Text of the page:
The Director of Council for Scientific and Industrial Research (CSIR), Dr. George Essebgey has emphasized the need for Ganaians to cultivate rainwater harvesting (RWH) as a means of tackling water crises in the country.
According to him, rainwater harvesting would also reduce the pressure Ghanaians put on the Ghana Water Company during periods of water shortage.
To this effect, the Water Research Institute (WRI) of the CSIR has appealed to Ghanaians to endeavour to cultivate the habit of harvesting rainwater as it is one of the best means of water supply when hit by its scarcity.
Speaking during a stakeholders’ meeting on the promotion of RWH in Accra on Tuesday, Dr. Essegbey said harvesting of rain water would also enable Ghanaians to reduce the pressure they put on themselves searching for water during water crisis.
He said although many Ghanaians did not use the RWH technology, it was not a new technology as various forms of RWH installations had been found in many colonial buildings and institutions.
“RWH is also very common in rural areas as most of these areas do not have access to potable water as compared with those in urban and peri-urban areas”, he said.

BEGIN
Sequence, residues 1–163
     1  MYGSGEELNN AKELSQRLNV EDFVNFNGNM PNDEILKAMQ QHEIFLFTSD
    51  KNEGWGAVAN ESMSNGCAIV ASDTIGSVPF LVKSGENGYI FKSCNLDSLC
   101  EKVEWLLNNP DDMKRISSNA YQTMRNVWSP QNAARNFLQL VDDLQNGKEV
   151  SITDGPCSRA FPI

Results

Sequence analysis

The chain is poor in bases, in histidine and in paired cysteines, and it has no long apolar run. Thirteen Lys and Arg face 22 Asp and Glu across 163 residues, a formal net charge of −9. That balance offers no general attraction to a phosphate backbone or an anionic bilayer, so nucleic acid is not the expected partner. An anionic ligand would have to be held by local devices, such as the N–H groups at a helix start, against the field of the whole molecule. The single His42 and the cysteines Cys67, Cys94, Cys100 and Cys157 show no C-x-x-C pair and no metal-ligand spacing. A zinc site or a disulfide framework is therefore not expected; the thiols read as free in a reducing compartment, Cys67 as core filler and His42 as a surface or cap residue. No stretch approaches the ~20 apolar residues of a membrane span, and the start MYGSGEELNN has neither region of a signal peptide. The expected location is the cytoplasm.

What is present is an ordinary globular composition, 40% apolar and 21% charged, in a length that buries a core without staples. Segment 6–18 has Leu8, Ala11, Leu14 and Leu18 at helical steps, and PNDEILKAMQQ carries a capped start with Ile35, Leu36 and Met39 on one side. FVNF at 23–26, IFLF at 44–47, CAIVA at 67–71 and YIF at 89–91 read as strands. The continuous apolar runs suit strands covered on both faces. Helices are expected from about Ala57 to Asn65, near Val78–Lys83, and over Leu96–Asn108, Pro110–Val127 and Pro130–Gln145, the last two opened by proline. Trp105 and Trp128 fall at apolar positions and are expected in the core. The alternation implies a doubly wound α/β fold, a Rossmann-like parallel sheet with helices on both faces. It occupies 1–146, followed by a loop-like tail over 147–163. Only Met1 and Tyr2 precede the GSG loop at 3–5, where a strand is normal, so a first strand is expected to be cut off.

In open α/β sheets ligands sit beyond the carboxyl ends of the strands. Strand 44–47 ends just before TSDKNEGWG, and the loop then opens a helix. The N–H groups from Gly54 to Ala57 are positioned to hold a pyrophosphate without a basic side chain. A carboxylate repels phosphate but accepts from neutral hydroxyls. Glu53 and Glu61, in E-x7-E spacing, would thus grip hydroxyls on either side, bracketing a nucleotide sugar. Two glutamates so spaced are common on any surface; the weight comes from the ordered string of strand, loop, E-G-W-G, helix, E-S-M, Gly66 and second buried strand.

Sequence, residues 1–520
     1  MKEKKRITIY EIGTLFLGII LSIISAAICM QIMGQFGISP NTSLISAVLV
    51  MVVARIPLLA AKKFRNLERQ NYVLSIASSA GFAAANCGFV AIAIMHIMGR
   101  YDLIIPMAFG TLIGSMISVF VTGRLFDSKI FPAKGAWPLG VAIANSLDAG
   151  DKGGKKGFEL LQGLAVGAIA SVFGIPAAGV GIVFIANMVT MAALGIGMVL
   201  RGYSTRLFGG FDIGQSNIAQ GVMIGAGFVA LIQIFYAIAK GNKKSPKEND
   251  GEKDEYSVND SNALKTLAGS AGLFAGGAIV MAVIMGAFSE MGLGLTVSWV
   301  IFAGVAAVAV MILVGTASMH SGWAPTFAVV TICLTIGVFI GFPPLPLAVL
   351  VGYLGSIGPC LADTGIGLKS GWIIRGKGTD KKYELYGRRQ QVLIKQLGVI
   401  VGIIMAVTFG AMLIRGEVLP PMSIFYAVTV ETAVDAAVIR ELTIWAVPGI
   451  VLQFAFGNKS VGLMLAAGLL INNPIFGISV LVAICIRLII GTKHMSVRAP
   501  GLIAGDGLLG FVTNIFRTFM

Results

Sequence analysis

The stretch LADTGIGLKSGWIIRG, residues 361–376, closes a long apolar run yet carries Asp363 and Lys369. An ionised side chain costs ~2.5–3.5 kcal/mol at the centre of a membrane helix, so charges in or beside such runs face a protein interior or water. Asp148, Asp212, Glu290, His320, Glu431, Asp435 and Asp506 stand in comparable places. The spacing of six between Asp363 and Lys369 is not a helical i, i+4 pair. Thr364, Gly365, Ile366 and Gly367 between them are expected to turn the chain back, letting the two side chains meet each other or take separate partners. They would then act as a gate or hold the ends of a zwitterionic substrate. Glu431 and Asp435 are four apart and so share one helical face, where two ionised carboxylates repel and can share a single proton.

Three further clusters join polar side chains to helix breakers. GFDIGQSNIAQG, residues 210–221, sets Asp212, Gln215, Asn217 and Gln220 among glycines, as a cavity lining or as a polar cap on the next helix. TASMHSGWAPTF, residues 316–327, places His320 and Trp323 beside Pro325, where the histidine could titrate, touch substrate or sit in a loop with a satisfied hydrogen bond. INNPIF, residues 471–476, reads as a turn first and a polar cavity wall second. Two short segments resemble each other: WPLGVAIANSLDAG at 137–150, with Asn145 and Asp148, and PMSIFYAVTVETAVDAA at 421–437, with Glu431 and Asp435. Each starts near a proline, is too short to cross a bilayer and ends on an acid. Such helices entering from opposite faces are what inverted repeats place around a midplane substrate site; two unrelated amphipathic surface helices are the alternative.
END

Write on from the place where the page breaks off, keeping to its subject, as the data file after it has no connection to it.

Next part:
Dr. Essegbey cited the severity and impacts of climate change on available water resources, pollution of water by illegal mining activities, rapid urbanisation putting pressure on water supply as some of the reasons calling for the usage of RWH technology
Research Scientist, Scientific and Technology Policy Research Institute (STEPRI) , Mr Roland Asare, cited RWH as one of the best alternative sources to the current water supply situation in the Accra.
He mentioned irrigation, washing, watering of gardens, as some of the benefits of rainwater harvesting technology.
“RWH is also free as it does not come with water bills, it is also easy to maintain, and it is also good for drinking if system is well designed and maintain”, he added.
He mentioned high initial tank installation cost as one of the major disadvantages hindering people from using the RWH technology.
He called for a closer stakeholders’ collaboration in order to send home the RWH message and make Ghanaians adopt the RWH system to address the shortfall of water supply.
Mr. Asare, said the inability of schools to raise their 25 percent contribution towards the installation of RWH technologies or machines had made it difficult for the Institute to help them with the technology.
The workshop which was under the theme “Promoting RWH as local Business: Seeking Ways to Make the Technology Attractive and Affordable for Users in Ghana” was sponsored by Sintef Norway, a scientific research institute in Norway.
Some of the stakeholders which attended the workshop were the Ministry of Water Resources, Works and Housing, Ghana Standards Authority, Ghana Water Company, LESDEP, and the University of Ghana.
Others were the University of Ghana, the Public Utility and Regulatory Commission, the Environmental Protection Agency, the Ministry of Environment, Science, Technology and Innovation among others.